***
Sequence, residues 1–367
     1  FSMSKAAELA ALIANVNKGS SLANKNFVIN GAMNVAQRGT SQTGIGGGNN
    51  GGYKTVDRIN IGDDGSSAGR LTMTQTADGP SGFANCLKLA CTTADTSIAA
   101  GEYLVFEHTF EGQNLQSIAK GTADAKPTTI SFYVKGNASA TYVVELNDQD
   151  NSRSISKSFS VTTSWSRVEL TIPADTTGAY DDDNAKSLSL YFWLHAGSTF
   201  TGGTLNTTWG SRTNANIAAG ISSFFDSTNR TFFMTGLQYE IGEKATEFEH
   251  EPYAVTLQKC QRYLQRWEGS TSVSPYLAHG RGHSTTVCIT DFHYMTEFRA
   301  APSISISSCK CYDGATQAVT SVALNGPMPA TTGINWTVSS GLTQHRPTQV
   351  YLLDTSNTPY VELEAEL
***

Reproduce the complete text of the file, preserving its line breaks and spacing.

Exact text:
Sequence, residues 1–367
     1  FSMSKAAELA ALIANVNKGS SLANKNFVIN GAMNVAQRGT SQTGIGGGNN
    51  GGYKTVDRIN IGDDGSSAGR LTMTQTADGP SGFANCLKLA CTTADTSIAA
   101  GEYLVFEHTF EGQNLQSIAK GTADAKPTTI SFYVKGNASA TYVVELNDQD
   151  NSRSISKSFS VTTSWSRVEL TIPADTTGAY DDDNAKSLSL YFWLHAGSTF
   201  TGGTLNTTWG SRTNANIAAG ISSFFDSTNR TFFMTGLQYE IGEKATEFEH
   251  EPYAVTLQKC QRYLQRWEGS TSVSPYLAHG RGHSTTVCIT DFHYMTEFRA
   301  APSISISSCK CYDGATQAVT SVALNGPMPA TTGINWTVSS GLTQHRPTQV
   351  YLLDTSNTPY VELEAEL